Jennifer Keller

Adjunct Assistant Professor

Maxey Hall 137

My vocation as an educator, scholar, and writer has been forged through experiences both in and beyond the classroom. After becoming enamored with Aristotle, James Joyce, and Clifford Geertz during college I lived in Sumatra for two years where my notions about the character and forms of truth were forever changed. I then continued my study of religion, philosophy, and ethics at the University of Chicago Divinity School (MA 1999). My PhD in Religious Studies is from Stanford University (2006) where I studied modern and comparative religious thought. Along the way I parted ways with Aristotle and spent a lot of time with Plato, Dante, Freud, William James, Zhuangzi, and all manner of poetry. 

While in Sumatra I taught at a small, rural Islamic college that trained high school teachers for public schools. After graduate school I taught in Stanford's first-year humanities core (2006-2009) in its comparative religious literature track. In 2009 I moved to Deep Springs College where I was the humanities professor for five years. My devotion to primary text-based classes within a creative, wholeperson approach with life stakes was kindled during my time at Deep Springs. I have developed this approach further at The Arete Project, a summer program for college-age women built on the Deep Springs model of education.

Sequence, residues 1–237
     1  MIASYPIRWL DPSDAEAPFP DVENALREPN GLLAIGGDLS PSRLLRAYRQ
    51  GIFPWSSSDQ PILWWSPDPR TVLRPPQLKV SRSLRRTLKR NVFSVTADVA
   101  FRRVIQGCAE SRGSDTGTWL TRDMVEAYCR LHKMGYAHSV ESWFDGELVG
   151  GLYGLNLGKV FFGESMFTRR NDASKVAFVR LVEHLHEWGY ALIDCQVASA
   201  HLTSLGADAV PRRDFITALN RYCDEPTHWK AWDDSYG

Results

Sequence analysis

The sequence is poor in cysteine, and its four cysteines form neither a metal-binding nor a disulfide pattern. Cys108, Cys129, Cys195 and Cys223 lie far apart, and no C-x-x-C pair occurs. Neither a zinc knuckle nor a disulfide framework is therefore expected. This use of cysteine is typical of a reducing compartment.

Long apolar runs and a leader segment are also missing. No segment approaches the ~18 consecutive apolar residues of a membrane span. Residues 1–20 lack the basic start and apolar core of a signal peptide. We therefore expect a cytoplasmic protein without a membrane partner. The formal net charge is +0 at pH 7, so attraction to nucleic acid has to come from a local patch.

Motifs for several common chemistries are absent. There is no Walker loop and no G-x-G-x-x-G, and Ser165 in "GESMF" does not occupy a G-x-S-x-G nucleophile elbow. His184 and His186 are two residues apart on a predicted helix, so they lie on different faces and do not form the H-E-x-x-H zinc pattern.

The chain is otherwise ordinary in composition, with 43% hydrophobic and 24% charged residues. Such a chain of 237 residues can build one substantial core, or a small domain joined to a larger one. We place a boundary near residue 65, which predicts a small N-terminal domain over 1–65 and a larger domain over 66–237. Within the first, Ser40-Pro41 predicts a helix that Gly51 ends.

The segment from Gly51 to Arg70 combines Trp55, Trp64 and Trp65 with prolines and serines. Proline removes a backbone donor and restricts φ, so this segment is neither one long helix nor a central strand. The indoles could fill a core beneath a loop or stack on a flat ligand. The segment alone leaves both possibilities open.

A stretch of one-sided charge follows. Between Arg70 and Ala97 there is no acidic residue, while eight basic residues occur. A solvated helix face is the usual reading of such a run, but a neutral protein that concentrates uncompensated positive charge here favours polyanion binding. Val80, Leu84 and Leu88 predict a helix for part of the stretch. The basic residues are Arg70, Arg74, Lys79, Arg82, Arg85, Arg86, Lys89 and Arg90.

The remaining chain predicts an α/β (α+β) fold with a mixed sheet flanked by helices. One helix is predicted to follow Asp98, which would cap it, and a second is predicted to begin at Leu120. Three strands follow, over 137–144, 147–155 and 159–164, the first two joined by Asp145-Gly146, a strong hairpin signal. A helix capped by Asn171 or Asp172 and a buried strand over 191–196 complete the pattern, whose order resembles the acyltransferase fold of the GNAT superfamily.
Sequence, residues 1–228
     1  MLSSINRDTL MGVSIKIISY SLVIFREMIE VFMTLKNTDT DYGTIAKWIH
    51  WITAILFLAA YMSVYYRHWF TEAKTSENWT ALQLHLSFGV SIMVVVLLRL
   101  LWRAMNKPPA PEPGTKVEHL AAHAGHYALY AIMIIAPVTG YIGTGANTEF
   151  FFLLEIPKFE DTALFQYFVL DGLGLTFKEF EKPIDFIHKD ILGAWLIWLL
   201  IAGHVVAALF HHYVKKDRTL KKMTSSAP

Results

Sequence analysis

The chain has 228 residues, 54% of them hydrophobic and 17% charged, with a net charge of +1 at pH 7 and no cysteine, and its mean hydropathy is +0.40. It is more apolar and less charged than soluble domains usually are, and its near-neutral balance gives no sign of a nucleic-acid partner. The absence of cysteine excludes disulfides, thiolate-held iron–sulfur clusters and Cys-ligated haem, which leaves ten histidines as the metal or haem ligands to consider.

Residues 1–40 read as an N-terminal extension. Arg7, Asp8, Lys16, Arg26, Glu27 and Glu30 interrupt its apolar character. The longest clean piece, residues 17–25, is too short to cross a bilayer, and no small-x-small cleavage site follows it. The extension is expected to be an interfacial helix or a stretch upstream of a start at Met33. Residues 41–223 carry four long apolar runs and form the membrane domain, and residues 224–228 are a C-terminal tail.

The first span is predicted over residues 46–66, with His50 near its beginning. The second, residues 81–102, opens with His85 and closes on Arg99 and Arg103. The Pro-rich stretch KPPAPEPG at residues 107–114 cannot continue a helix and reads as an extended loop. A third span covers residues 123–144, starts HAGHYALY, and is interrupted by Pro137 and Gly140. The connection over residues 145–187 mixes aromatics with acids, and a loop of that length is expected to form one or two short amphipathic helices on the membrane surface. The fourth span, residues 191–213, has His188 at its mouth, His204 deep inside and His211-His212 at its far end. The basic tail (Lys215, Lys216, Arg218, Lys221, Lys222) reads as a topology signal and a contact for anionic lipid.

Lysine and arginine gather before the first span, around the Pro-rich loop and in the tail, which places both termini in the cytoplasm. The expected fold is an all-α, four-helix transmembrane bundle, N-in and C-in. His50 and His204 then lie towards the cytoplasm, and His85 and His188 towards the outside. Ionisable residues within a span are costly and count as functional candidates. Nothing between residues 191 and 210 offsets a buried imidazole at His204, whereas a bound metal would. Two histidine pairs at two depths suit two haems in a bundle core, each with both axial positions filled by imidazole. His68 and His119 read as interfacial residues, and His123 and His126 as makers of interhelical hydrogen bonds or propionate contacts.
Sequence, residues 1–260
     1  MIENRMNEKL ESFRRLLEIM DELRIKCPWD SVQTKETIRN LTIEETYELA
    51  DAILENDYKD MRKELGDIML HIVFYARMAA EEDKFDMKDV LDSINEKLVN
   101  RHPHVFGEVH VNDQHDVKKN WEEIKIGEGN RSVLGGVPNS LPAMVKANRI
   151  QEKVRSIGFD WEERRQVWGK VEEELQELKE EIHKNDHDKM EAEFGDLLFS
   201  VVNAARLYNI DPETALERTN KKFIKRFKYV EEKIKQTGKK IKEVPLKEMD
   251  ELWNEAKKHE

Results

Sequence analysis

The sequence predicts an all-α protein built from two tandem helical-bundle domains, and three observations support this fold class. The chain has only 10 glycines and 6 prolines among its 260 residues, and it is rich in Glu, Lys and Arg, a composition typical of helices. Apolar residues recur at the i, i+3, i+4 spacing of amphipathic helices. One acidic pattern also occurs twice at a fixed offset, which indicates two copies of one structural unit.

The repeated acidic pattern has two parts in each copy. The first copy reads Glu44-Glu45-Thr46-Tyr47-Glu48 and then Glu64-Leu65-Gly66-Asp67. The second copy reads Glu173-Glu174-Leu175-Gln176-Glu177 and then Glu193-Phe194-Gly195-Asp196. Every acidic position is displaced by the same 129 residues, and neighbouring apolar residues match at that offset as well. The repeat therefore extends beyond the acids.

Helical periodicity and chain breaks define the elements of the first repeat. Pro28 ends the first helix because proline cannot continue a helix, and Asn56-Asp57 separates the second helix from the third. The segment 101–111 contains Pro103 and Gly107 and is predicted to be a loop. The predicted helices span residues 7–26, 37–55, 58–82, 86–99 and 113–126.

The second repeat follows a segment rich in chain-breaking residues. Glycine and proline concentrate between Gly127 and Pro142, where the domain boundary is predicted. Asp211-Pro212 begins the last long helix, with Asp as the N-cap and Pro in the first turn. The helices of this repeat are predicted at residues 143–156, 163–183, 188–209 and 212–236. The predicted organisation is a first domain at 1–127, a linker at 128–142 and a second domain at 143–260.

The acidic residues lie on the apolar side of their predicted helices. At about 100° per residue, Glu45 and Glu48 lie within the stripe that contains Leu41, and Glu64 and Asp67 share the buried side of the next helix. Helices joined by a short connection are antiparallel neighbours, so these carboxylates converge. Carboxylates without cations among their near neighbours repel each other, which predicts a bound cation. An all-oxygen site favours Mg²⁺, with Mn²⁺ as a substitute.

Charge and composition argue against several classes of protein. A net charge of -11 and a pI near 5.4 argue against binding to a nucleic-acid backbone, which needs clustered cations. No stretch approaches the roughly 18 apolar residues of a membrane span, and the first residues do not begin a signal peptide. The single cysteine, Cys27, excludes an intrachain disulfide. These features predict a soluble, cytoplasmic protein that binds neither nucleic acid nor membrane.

The shape, tone, and character of my intellectual commitments can be seen in classes with me, as well as through my writing. My book Ordinary Oblivion and the Self Unmoored: Reading Plato's Phaedrus and Writing the Soul was published by Fordham University Press in 2014. My writing on Euripides and Zhuangzi has appeared in the Journal of the American Academy of Religion and my essay on the ethical significance of forgetting can be found in the Journal of Religious Ethics. (Please note publications appear under Jennifer Rapp.) 

Currently I am writing a book about the sacred, finishing a collection of personal essays about gender and strength, and enjoying getting to know the terrain of eastern Washington.